2-D or 3-D Mammography?: The Future of Breast Cancer Detection

NIH-supported clinical trial tests diagnostic imaging tools

A new trial may be the answer for finding breast cancer in women who don’t have symptoms.

The trial will test two types of imaging tools—2-D and 3-D mammography.

2-D mammography takes pictures from two sides of the breast to create a flat image. 3-D mammography takes images from different angles around the breast and builds it into 3-D-like image.

The study is now open for enrollment. It’s led by the ECOG-ACRIN Cancer Research Group in collaboration with the National Cancer Institute (NCI).

Participants will provide critical information that will help researchers learn how to best scan patients for breast cancer.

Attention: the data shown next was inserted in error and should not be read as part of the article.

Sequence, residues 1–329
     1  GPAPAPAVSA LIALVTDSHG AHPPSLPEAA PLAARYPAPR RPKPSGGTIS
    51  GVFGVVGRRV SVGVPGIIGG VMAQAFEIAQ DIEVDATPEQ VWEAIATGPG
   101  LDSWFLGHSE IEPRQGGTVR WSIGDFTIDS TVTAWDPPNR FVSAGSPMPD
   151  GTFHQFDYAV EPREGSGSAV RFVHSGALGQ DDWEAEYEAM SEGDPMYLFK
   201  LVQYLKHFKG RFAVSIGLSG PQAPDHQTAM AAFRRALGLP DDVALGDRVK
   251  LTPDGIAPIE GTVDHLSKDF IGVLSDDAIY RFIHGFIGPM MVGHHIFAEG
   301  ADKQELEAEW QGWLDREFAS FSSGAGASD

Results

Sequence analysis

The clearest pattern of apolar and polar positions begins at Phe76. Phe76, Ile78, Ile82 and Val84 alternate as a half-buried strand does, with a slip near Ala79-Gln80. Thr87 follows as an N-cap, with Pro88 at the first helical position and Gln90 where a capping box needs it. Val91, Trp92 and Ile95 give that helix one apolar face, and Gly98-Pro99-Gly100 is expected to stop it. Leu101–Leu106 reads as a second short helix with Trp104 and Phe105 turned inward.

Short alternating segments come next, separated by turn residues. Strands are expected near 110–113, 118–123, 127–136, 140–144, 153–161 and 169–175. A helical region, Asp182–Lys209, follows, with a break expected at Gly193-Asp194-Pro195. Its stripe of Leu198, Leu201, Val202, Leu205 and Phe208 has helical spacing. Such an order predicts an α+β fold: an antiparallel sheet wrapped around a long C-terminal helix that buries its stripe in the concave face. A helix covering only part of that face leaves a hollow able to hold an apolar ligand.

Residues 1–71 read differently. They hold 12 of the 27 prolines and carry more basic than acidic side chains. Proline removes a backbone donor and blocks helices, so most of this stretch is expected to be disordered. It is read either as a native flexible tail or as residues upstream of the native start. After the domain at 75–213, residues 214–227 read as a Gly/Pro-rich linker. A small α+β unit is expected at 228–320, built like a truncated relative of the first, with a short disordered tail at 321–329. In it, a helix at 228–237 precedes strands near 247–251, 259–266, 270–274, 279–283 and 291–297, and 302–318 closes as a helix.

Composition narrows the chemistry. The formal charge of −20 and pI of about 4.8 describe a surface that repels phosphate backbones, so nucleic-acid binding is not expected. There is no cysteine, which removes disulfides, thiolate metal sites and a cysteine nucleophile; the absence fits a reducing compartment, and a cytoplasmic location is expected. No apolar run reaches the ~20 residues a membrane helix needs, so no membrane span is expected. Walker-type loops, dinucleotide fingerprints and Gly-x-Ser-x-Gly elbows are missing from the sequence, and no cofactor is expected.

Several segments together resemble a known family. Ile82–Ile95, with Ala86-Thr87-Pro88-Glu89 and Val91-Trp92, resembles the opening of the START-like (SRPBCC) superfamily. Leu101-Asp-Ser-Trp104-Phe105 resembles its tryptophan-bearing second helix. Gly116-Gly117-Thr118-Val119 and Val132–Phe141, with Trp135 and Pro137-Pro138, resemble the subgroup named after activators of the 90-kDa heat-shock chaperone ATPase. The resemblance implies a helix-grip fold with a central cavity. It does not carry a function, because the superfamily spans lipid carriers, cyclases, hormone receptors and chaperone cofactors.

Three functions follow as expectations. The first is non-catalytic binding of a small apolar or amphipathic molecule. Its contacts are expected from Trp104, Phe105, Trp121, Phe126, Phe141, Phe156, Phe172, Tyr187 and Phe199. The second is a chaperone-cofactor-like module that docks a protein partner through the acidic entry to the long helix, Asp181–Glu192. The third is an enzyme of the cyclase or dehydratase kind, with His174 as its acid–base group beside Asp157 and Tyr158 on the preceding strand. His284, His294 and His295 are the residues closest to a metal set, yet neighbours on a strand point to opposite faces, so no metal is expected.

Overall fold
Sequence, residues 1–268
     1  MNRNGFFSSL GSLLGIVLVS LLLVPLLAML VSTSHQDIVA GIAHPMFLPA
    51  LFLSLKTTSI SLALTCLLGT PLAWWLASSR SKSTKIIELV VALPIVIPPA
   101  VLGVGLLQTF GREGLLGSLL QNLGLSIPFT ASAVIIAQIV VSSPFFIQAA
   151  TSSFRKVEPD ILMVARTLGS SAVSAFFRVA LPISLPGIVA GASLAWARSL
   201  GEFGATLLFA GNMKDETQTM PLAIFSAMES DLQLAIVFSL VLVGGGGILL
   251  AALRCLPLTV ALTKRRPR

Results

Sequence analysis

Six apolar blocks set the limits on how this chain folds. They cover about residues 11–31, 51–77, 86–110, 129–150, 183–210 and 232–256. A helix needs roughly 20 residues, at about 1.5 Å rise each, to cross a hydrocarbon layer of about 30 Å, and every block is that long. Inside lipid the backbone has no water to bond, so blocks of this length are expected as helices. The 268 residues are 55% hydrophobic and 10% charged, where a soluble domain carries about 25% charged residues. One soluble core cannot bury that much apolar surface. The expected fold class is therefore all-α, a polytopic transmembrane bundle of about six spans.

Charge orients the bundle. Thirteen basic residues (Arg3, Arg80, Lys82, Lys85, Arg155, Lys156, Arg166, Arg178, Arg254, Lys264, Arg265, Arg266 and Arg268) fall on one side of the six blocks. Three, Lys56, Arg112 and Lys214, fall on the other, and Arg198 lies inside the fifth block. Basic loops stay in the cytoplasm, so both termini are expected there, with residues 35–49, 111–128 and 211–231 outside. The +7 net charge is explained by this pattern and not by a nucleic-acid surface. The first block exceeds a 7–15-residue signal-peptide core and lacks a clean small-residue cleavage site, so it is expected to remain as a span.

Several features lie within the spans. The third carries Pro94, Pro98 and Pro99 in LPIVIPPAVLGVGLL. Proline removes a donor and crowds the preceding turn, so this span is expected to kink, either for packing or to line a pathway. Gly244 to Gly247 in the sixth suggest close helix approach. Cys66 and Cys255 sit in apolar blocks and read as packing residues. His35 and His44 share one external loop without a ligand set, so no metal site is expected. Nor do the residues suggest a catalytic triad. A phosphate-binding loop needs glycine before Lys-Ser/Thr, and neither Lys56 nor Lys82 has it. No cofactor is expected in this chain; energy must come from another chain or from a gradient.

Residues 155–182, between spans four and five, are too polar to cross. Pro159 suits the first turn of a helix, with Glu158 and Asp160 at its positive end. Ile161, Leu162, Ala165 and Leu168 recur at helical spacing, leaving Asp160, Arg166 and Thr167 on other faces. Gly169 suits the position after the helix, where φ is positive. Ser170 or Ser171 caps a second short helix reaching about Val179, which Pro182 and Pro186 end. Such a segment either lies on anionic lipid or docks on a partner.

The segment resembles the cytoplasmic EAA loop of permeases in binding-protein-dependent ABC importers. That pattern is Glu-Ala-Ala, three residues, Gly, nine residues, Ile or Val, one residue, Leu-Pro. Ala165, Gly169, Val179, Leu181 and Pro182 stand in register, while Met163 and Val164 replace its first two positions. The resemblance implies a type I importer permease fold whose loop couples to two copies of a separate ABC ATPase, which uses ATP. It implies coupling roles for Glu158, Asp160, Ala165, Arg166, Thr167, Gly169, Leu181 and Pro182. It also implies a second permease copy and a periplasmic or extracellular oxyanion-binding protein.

Researchers are looking for healthy women ages 45 to 74 who are already planning to get routine mammograms.

Participants will help researchers learn how to best scan patients for breast cancer. It will also help women make more informed decisions about the screening tests in the future.

“Nearly 50 million screening mammograms occur each year in the U.S., yet it has been decades since a large-scale randomized trial of mammography has been done,” said Worta McCaskill-Stevens, M.D.

Dr. McCaskill-Stevens is the director of NCI’s Community Oncology Research Program, which supports the trial.

“The evolution of mammography technology provides us with an opportunity to fill in the gaps in our knowledge about two available breast cancer screening tests,” she added.

Spring 2018 Issue: Volume 13 Number 1 Page 12